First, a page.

RBC: Apple headed into a multiyear supercycle

From a note to clients by Royal Bank of Canada analyst Amit Daryanani that landed in my inbox Thursday:

We think Sep-qtr ASPs should witness y/y uptick due to increase in base price of iPhone 8 vs iPhone 7, higher memory mix and broader ASP increase across the portfolio. However, ASP could be offset by lower units as potential buyers stay on sidelines due to timing of iPhone X launch. For Dec-qtr, given iPhone X launch timing, we think Dec-qtr street estimates could be too high (RBC iPhone units at 80M vs. street @ 86M). However, we think AAPL BULL thesis remains intact as we see host of tailwinds:

1) Gross-margin upside given ASPs and mix, along with FX benefit partly offset by NAND pricing,

2) Services growth and content narrative,

3) China revenue trajectory, &

4) potential cash repatriation benefits.

Overall, we think AAPL stock trends higher as higher ASPs and staggered unit uptick will make this a multiyear cycle vs. one year supercycle.

iPhone units and revenue

Click to enlarge. 

Daryanani maintains his Overweight rating and $180 price target.

My take:  More sell-side cheerleading.

5 Comments

  1. Fred Stein said:

    Agree with Amit. And think he misses the bigger picture about “X”.

    X starts the next generation of OLED phones which means 800 plus million new iPhones upgraded over several years, including a smaller $400-ish version.

    X starts the next generation of AR and AI enabled App and Games, which may dramatically increase the App revenue per iPhone.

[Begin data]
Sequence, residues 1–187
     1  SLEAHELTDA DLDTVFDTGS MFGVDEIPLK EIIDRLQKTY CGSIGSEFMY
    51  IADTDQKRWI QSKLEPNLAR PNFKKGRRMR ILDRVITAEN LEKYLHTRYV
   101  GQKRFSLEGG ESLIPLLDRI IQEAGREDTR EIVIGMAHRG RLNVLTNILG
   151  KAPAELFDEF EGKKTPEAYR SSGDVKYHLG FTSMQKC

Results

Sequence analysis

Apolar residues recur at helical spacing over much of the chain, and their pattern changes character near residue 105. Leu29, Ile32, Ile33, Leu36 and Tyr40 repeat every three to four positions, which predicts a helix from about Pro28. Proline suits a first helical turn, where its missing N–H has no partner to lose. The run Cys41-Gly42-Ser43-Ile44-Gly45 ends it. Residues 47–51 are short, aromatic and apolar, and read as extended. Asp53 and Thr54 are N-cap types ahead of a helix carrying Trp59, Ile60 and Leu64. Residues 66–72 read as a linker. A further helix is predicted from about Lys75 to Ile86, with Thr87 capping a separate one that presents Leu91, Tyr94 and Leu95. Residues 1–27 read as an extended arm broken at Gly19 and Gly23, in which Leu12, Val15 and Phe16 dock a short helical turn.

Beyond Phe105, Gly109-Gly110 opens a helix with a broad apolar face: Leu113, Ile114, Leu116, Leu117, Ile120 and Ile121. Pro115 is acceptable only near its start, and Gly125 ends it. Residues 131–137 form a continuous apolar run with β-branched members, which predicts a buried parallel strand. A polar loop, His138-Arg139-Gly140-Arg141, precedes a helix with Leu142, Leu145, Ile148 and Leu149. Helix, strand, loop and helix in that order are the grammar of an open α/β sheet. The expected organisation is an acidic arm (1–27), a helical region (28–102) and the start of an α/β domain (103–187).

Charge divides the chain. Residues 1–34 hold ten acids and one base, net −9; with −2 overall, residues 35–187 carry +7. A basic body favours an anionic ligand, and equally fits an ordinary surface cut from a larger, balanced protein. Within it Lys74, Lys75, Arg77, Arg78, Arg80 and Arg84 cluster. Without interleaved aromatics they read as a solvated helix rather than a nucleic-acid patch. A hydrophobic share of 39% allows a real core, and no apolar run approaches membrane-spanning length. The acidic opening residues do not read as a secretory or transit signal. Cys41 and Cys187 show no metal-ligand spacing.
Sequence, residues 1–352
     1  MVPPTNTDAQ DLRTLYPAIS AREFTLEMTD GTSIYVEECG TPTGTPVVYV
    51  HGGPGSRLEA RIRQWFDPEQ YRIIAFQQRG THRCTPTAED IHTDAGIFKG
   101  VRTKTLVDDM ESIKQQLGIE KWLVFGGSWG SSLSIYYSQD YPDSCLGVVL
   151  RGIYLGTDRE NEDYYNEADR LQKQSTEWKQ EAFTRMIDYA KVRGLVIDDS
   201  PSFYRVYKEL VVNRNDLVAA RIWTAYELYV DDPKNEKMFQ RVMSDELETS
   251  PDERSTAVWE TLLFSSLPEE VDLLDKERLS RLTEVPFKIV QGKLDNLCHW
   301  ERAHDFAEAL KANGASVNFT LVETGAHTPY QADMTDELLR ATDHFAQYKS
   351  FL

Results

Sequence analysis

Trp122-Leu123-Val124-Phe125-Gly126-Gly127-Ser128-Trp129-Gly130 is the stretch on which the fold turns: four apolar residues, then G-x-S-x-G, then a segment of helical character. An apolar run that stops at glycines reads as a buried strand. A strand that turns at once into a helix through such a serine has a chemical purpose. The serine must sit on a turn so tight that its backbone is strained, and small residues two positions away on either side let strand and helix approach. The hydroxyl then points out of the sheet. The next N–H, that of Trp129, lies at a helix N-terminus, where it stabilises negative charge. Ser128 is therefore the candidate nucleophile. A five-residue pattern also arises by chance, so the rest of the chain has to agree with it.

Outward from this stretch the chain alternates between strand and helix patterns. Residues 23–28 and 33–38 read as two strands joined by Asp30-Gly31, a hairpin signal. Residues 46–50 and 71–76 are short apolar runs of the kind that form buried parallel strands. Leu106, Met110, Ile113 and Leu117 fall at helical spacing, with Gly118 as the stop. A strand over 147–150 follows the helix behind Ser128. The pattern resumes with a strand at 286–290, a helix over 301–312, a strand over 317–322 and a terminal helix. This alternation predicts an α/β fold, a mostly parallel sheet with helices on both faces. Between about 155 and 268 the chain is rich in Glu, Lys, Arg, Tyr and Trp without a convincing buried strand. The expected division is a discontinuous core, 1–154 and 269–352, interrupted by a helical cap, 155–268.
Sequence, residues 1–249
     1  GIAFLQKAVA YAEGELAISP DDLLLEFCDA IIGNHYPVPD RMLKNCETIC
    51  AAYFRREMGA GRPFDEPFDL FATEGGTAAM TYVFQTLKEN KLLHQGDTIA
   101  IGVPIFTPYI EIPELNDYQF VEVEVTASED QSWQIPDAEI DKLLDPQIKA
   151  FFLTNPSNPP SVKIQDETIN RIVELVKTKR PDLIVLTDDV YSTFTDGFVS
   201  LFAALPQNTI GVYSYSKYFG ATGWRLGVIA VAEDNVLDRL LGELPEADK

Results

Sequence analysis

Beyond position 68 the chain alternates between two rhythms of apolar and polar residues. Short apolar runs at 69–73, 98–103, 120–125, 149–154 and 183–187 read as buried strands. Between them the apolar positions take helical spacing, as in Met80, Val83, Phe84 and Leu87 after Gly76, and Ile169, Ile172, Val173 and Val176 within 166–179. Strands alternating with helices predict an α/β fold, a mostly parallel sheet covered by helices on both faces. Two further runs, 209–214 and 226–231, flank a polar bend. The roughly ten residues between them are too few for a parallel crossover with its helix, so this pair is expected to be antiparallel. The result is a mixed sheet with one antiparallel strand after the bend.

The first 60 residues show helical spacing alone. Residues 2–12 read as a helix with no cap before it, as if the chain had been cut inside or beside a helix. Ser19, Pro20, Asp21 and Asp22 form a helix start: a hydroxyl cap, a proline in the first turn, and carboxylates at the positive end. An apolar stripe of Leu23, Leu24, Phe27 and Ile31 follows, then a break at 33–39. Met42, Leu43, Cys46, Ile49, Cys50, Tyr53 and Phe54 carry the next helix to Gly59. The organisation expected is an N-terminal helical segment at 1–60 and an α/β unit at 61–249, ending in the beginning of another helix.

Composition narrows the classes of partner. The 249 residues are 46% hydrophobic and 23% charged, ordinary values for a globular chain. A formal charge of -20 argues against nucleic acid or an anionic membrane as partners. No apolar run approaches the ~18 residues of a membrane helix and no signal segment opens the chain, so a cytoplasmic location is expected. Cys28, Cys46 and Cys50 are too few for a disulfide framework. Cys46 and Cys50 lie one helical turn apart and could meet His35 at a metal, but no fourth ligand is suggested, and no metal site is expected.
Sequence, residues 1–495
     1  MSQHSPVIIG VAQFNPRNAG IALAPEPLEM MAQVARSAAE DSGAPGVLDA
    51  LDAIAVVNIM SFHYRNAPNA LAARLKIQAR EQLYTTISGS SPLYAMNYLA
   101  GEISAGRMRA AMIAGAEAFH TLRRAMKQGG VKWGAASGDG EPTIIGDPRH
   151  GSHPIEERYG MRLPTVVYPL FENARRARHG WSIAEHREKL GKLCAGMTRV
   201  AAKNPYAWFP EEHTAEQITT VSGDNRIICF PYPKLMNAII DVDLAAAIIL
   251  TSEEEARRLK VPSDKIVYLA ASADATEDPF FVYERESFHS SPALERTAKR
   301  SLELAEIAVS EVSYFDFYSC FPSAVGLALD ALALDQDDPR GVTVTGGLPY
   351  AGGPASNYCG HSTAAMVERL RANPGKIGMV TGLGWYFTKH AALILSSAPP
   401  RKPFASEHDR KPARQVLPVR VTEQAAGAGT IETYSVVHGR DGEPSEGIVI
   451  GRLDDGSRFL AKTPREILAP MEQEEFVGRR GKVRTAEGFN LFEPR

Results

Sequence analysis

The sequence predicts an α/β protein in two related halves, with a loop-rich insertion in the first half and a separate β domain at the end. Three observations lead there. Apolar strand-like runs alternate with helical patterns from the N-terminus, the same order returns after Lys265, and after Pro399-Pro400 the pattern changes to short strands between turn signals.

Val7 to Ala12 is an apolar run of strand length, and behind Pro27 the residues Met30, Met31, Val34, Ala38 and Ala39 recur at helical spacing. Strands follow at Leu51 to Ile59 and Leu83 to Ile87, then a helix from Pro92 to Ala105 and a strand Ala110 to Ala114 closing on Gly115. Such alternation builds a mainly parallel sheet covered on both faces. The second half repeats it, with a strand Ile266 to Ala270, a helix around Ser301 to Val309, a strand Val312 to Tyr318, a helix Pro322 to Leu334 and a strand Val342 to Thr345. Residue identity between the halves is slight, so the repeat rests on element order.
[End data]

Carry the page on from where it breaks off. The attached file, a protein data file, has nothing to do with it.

Deeper down in future technology, there is MRAM and battery advances like those in Amprius that could increase battery life by 2 or 3 X. Such breakthrough technologies could drive upgrades of iPhones, plus all current and future Apple wearables starting 2 to 4 years from now.

    0
    October 13, 2017
  2. John Kirk said:

    I don’t know anything about supercycles, but I have been noticing a few things that bode well for Apple.

    First, they basically don’t have any competition in the market they target. They dominate the premium sector. Their biggest challenge in that regard is selling premium phones to countries like India that don’t have large, thriving middle classes.

    Second, Apple is starting to distance themselves from the field in technological accomplishments. I think facial id will be big. They’re got force touch (or whatever they’re calling it now). Their cameras are second to none. Their efforts in miniaturization are phenomenal. And chips? Wow. Apple is outdoing themselves in advances in silicon.

    Third, privacy. People keep saying Apple is behind their competitors. But Apple’s business model gives them a huge advantage in privacy. Apple doesn’t make money by invading your privacy. Google, Amazon, Facebook do. And premium buyers like privacy and are willing to pay for it.

    There’s probably more, but off the top of my head, that’s plenty. As I usually say, none of these things guarantee Apple’s future. But they do guarantee Apple’s present.

    2
    October 13, 2017
    • Peter Kropf said:

      “There’s probably more,…”

      I’d add Apple’s facial/emotional detection leading quickly to Hollywood ready real time animoji generation.

      This is going to accelerate all live actor CGI effects by supporting real time playback of scenes/characters. A huge reduction in CGI production costs.

      1
      October 13, 2017
  3. Robert Paul Leitao said:

    Joe:

    As I’ve said several times, I believe the so-called super cycle will escape beyond the confines of FY2018. I expect FY2019 iPhone unit sales to exceed FY2017 results and may rival FY2018 unit sales.

    In this instance, I believe Mr. Daryanani is reiterating his $180 price target. Fundamentals remain strong no matter the date Apple meets supply/demand equilibrium on the iPhone X and the forces creating a strong economic tailwind will remain in place for the next few years.

    0
    October 14, 2017

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